I'm sure this has probably come up heaps before .... I am desperate to home school our kids (who are only very young) and my dh is dead against it.For a start his old school that he loved is right across the road and his mum is a teacher!
He agrees that our kids will get a better education with me at home (I am educated and have proven to him I can teach our dd without hot housing her), he also agrees that the socialisation in schools can be harmful. He is saying no because he just plain thinks home school kids are weird. of course he's never met one.....
I thought I could join the local hs group and get him to meet some of the kids but he is so closed minded about it that I don't think it would work. Anyone got any ideas? I'm glad I've looked into this early as it may take a few years for him to come round. btw it's my intention to hs until junior high, have the kids do a couple of years their to get used to school that transition to a high quality private school. We can afford for me to stay home and have the resources, this is just a step too far for him.
He was never "thrilled", proud, or very
involved, so that made it that much harder. But, as long as I wasn't complaining, or laying extra (too much extra) responsibilities on him then he didn't protest much. If they aren't supportive then it is harder, but if it means a lot to the wife then rarely do they put their foot down hard. I am jealous of the "family" that embraces homeschool and feel that they are the most successful. It is hard knowledge be selling your point of view to naysayers. Just stick to your guns and be sure to have support. you may not convince him that it's his favorite, but you can convince him that you are going to do it!
Your plan sounds nice, but if you plan on the children attending school some day, you may want to make sure they stay with the school curriculum guidelines, so they will fit in easily. That takes away some flexibility in deciding what they learn. Under those circumstances, I wonder why you want to homeschool. There are so many reasons, I'm sure you have good ones.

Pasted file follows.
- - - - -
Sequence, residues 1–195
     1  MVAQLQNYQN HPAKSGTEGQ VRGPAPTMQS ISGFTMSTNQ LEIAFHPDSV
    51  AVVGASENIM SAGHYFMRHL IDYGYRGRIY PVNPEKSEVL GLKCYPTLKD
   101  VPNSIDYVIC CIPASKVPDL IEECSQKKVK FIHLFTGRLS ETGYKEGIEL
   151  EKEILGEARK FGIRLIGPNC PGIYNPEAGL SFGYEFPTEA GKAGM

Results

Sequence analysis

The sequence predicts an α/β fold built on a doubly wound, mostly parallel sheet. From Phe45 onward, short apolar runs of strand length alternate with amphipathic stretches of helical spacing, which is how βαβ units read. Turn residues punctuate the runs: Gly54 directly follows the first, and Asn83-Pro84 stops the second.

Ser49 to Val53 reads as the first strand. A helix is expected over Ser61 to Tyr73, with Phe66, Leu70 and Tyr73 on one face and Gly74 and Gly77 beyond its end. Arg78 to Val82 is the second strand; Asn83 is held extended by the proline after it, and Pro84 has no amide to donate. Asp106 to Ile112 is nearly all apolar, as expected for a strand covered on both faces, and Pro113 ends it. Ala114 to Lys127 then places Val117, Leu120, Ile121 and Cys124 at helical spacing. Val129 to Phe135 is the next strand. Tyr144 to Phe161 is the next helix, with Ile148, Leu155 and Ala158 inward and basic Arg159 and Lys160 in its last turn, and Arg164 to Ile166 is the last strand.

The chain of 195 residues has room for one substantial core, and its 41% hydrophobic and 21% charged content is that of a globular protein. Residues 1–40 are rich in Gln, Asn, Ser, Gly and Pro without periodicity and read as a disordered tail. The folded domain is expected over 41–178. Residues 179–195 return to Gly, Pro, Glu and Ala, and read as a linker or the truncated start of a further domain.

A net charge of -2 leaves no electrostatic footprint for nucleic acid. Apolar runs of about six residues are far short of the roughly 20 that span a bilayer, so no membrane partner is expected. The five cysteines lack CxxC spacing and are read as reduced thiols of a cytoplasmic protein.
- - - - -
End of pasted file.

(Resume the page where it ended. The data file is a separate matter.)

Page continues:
Was that David Guterson's "Family Matters: Why Homeschooling Makes Sense"? Guterson actually taught English on a small gulf island in the Pacific Northwest, and is a writer by profession now. But the bit about the attorney father makes me think it must be his book you're thinking of. I really liked the book and found it very persuasive, without being evangelistic in tone. It's definitely a good one for dads.
I disagree with you about the necessity of staying within public school guidelines if there's the possibility of attending school in the future. We made absolutely no effort to do so, and yet my kids entered school at the high school level with barely a ripple of difficulty.
I do wonder about the wisdom of having kids start school at the junior high level. To me that level is fraught with the most problems of any level of schooling. Socially the kids are extremely cliquey, immature but adopting a lot of pseudo-mature behaviors, and academically there tends to be a high workload, but mostly of the busy-work variety, not the interesting and challenging work fuelled by independent inquiry and passion that tends to kick in at the high school level. If I knew I was going to send my kids to school for a few years, junior high would definitely not be the years I would choose!
Mountain mama to one great kid and three great grown-ups
Thanks for the responses so far - my dh might be convinced over time - it just takes forever. I would LOVE to hs right through the end of school but I know that will never be an option for dh - plus we are fortunate enough to have our tuition paid for by family trust. The high school in question is of exceptional quality and has a lot of opportunities for kids of varying abilities.